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Race, Culture, and the Revolt of the Black Athlete

The 1968 Olympic Protests and Their Aftermath

Ever since 1968 a single iconic image of race in American sport has remained indelibly etched on our collective memory: sprinters Tommie Smith and John Carlos accepting medals at the Mexico City Olympics with their black-gloved fists raised and heads bowed. But what inspired their protest? What happened after they stepped down from the podium? And how did their gesture impact racial inequalities?

Drawing on extensive archival research and newly gathered oral histories, Douglas Hartmann sets out to answer these questions, reconsidering this pivotal event in the history of American sport. He places Smith and Carlos within the broader context of the civil rights movement and the controversial revolt of the black athlete. Although the movement drew widespread criticism, it also led to fundamental reforms in the organizational structure of American amateur athletics. Moving from historical narrative to cultural analysis, Hartmann explores what we can learn about the complex relations between race and sport in contemporary America from this episode and its aftermath.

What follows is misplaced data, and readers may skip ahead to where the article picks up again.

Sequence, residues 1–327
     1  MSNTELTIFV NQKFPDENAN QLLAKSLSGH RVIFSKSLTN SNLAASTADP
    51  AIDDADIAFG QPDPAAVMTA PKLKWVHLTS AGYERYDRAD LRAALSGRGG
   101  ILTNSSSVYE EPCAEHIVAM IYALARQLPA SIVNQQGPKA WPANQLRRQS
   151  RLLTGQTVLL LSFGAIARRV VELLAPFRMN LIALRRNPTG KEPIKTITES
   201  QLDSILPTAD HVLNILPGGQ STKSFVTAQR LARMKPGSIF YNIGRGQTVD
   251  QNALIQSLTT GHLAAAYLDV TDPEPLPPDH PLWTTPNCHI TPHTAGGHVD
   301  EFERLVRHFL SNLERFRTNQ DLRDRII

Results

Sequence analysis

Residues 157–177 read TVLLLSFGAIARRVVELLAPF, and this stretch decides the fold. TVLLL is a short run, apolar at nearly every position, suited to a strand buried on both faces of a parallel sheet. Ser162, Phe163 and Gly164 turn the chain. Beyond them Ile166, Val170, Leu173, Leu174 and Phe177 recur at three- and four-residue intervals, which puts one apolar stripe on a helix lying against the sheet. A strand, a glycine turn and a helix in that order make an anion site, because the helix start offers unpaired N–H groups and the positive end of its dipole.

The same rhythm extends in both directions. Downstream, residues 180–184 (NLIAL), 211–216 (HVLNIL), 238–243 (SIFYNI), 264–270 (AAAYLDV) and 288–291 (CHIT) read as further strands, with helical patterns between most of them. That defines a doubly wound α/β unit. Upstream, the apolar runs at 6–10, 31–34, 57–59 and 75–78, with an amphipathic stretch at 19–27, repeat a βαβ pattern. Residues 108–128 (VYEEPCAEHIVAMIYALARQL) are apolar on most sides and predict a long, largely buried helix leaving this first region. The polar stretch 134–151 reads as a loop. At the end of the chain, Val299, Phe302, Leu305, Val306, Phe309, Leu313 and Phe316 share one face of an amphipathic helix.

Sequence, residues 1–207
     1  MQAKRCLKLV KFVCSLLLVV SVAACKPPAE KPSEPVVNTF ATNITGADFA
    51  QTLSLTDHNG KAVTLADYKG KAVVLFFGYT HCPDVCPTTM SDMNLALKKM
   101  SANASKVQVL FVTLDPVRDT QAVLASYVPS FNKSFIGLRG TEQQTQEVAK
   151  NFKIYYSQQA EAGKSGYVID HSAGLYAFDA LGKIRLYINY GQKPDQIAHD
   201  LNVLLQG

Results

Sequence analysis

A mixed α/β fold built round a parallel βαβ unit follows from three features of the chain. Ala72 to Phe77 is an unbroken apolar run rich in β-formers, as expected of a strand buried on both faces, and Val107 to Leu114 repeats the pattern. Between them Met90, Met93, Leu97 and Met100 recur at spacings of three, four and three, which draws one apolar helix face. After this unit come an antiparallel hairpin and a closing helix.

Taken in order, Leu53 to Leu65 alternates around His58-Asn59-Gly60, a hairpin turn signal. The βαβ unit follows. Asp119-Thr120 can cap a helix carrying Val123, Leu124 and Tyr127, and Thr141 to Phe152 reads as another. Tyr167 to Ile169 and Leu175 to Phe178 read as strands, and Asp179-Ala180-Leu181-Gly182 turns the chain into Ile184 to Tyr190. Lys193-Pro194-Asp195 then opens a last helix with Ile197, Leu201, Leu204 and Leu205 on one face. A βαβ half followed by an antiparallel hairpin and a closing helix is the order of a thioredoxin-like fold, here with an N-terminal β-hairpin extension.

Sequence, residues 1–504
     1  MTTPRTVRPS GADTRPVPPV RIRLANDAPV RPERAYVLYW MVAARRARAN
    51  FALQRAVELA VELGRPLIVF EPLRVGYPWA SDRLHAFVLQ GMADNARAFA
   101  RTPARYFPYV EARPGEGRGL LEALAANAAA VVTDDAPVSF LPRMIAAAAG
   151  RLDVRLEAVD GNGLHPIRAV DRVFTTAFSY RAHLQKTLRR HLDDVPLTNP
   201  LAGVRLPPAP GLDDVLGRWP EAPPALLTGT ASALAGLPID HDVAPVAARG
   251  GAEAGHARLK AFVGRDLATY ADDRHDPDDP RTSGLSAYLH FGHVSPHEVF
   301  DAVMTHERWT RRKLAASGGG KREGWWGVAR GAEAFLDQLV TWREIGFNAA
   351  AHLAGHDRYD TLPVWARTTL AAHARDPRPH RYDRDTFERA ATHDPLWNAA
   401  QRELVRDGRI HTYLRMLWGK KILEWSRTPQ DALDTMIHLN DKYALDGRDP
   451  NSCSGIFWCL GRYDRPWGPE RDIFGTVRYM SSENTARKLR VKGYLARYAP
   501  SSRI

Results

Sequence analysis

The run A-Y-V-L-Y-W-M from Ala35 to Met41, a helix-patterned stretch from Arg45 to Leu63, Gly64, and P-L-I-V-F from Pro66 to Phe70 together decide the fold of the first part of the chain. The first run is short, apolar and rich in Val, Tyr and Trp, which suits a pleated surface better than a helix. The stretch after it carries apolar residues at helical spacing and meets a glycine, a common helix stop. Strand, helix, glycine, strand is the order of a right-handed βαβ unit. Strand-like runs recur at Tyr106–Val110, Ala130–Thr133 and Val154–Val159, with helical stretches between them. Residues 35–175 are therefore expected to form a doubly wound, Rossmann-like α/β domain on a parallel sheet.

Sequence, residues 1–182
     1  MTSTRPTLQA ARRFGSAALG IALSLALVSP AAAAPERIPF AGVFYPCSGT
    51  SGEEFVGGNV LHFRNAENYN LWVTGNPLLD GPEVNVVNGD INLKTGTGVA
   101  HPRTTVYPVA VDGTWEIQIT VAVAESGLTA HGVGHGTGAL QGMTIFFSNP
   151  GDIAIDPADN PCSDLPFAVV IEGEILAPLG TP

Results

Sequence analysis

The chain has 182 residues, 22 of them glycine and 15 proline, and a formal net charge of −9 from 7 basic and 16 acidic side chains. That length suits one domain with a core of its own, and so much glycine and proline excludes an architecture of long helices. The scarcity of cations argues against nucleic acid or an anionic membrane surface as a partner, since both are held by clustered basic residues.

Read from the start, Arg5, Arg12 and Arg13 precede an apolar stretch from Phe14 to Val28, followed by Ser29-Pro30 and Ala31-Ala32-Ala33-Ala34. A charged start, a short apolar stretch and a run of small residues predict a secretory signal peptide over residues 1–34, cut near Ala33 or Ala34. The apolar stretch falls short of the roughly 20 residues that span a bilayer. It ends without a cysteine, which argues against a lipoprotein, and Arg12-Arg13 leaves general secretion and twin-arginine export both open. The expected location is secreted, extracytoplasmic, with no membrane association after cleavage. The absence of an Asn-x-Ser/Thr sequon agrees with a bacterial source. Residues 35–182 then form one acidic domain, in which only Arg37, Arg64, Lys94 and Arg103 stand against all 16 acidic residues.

Table of Contents

Preface: Sport, Race, and a Decade of Disruption
Acknowledgments
List of Illustrations
Introduction
1. Unforgettable Fists
Part I: The Movement 1967-1968
2. Agents of Challenge
3. Of Civil Rights, Culture Fights, and Abstract Ideals
4. Movement Mobilizing
5. Power Plays: Trials, Triumphs, and Polarization
Part II: The Aftermath, 1968 to 1978 and Beyond
6. Only Just Begun
7. Resolving the Racial Crisis
Conclusion
8. The Cultural Politics of Sport and Race in the Postprotest Era
Epilogue: Atlanta, 1996
Bibliography
Index

Awards

North American Society for Sport History (NASSH): Sport History Monograph of the Year
Honorable Mention

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